In early September (2018) the California legislature passed AB 1482. This legislation was opposed by the California Association of Realtors (C.A.R.). The National Association of Realtors (N.A.R.) has a whitepaper on rent control and if you are interested it would be worth the effort to look this up and read their position. The new bill should be signed into law in October and it will effect both renters and property owners alike. There isn’t sufficient room here to go over the details of the new law, but if you are a renter or property owner you should read the bill and know what it covers. It does exempt most single family homes (the majority of properties that we manage), but there are some exceptions.
Today the Federal Reserve lowered interest rates by 1/4 percent. Many had hoped it would lower rates by 1/2%, but the Fed tends to be cautious when it either raises or lowers rates. Typically, it moves in 1/4% moves.
This should lower interest rates on adjustable rate mortgages and improves affordability for real estate loans in general. Real estate prices and rental rates continue to be in an uptrend. However, real estate prices have slowed their upward trend this year. Some observers have been concerned about the possibility of falling prices. So far, however, this hasn’t happened. The latest Fed move should help to prop up the market.
Unfortunately, construction of new homes isn’t keeping up with demand and the rental market continues to be “tight”. This situation continues to put upward pressure on rental rates, and there doesn’t appear to be any relief in sight.
Toward the end of last year investors in both the bond and stock markets experienced a period of anxiety as it appeared as if the Federal Reserve would be in an aggressive mood to continue to raise interest rates. The stock market had a particularly difficult December.
Then, statements from the Federal Reserve began to become more “dovish”, that is, it appeared as if the Feds would not be making several interest rate hikes in 2019, but were becoming more “data dependent”. In other words, the pressure came off the markets, stocks rallied, and interest rates for mortgages began to fall.
Currently rates for 30yr mortgages are in the low 4’s: 4.25 to 4.5 range is common.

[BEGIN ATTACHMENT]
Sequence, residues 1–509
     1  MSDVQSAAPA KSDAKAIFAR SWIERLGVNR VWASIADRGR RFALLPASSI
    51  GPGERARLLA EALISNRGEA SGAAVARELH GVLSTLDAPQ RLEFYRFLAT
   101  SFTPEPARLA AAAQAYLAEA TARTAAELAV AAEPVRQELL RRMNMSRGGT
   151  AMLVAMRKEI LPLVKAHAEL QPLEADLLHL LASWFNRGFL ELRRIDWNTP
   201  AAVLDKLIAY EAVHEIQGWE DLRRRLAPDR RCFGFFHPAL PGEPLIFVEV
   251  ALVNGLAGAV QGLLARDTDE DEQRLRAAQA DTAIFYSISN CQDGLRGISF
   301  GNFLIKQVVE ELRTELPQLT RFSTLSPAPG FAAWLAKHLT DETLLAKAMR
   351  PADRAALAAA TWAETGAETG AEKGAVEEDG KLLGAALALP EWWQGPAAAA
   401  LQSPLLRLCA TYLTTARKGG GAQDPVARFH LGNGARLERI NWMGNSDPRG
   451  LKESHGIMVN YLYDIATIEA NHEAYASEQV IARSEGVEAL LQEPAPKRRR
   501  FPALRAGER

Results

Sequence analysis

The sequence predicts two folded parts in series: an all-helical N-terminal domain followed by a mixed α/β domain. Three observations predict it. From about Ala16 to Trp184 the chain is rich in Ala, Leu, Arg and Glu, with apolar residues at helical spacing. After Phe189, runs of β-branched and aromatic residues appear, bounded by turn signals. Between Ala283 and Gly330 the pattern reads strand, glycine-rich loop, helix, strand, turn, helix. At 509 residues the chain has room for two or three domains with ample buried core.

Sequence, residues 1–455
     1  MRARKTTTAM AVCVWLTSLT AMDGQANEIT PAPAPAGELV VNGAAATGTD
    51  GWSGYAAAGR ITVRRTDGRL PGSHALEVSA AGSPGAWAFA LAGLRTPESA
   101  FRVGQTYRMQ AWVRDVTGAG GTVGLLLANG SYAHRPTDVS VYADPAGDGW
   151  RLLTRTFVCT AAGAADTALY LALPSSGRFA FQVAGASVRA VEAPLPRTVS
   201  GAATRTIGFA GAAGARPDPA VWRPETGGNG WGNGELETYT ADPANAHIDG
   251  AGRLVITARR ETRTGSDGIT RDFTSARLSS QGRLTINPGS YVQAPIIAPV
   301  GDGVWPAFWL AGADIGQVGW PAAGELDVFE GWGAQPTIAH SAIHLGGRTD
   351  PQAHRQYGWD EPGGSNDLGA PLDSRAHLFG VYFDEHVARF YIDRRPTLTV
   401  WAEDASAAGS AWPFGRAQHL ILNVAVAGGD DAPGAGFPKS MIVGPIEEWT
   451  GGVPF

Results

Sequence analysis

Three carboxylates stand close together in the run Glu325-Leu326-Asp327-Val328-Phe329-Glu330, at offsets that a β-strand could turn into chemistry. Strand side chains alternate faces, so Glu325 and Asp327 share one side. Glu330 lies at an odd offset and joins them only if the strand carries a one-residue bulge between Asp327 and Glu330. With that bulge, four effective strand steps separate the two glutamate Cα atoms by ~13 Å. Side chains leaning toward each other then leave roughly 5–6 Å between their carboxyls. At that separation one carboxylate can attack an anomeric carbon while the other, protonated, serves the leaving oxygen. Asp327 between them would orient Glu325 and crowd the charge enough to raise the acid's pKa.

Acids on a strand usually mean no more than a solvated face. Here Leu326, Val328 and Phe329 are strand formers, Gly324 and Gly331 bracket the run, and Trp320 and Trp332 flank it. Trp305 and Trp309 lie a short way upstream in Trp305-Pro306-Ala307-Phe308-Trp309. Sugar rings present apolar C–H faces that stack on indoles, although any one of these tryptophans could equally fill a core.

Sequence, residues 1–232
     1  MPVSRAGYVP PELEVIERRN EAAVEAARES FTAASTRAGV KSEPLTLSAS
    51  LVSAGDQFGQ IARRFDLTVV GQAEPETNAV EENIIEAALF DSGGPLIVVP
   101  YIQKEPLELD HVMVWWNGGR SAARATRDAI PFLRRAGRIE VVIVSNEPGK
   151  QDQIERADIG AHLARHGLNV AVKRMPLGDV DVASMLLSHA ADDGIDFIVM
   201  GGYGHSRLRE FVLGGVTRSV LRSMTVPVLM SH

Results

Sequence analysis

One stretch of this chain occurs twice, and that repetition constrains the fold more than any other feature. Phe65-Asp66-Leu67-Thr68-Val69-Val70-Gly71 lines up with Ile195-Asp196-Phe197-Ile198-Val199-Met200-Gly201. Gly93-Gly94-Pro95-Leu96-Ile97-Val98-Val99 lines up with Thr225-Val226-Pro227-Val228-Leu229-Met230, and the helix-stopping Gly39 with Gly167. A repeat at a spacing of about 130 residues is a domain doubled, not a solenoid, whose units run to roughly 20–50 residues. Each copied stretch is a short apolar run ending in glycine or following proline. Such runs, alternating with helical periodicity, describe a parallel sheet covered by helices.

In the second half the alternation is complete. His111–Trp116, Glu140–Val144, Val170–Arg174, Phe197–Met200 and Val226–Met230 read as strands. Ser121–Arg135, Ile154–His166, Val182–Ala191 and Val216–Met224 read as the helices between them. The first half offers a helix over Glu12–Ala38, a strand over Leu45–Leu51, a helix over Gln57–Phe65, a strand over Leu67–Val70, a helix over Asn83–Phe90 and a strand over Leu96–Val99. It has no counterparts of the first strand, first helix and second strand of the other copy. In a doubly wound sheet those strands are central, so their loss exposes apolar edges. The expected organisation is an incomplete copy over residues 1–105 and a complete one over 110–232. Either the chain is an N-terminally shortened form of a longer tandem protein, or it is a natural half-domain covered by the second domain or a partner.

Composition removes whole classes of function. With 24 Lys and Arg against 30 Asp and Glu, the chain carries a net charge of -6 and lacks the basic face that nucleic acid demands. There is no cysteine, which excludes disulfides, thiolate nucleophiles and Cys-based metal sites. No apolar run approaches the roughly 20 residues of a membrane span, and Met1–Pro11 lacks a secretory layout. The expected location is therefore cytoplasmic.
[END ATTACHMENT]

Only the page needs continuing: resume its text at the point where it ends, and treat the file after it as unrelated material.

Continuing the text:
Stocks of home builders have been rising along with the broad stock market, and there is increasing optimism that 2019 will be a good year for real estate.
The rental market continues to be “tight” and rental rates have been rising, along with home prices.
The easiest way to track the path of mortgage interest rates is to watch the price of the 10yr treasury notes, easily obtained on the major financial web sites. The 10yr treasury note futures contract reflects the opposite trend of interest rates. When the 10yr contracts are rising interest rates are falling, and when the contracts are falling, interest rates as rising. The 10yr (TY) hit a low on 10/5/18 and took another dip on 11/8. Since then, however, the TY contracts have been rising and mortgage interest rates falling, reaching a low on 1/4/19. Since then rates have been generally drifting sideways, indicating some stability in the interest rate market.
Hopefully, this stability will continue through the year.
Today (10/4/18) the stock market took a big hit and most analysts said it was because the yield on the 10yr treasury notes was on the rise. Yields almost hit 3.2%. The 10yr is seen as a reliable guide for a broad measure of interest rates, and in particular, rates that effect mortgage lending.
Two years ago the 10yr yielded 1.727% and the low was reached in July of 2016 at 1.321%. A year ago the yield was 2.368%. So, interest rates have been rising as the Federal Reserve has been gradually raising rates in an attempt to “cool” an economy that is growing at over 4% on an annual basis. When the economy was perceived to be weak, the Feds kept rates low, and some argued too low. Now, rates are moving in the opposite direction.
As rates rise, the cost of borrowing goes up, making mortgages less affordable. And, rates on adjustable mortgages also rise, as they are pegged to various interest rate indexes.
While this effects the real estate market, this trend may also effect the rental market. If some people are priced out of the mortgage market, they might decide to rent. So, this environment might put additional pressure on the rental market and cause rents to rise. It’s still about supply and demand.
The Federal Reserve has been raising interest rates this year and mortgage interest rates have been rising as well. This has been having an effect on the affordability of housing. One way to measure the health of the homebuilding industry is to follow the stock market symbol XHB – the SPDR S&P Homebuilders. This is an ETF (exchange traded fund) that one can purchase and track just like a stock. This ETF peaked in late January of this year and has been in decline ever since, although during the past couple of months the XHB price has stabilized. If interest rates stabilize here the market for new homes may stabilize as well. The XHB will tell the story.
Today (Aug 6th) we launched our new web site. Content is almost 100% identical to the older site, but the form is now modern and it automatically resizes to fit whatever device you use to view it. If you have any issues please feel free to send me a message and let me know what we can do to fix any problems or improve the site.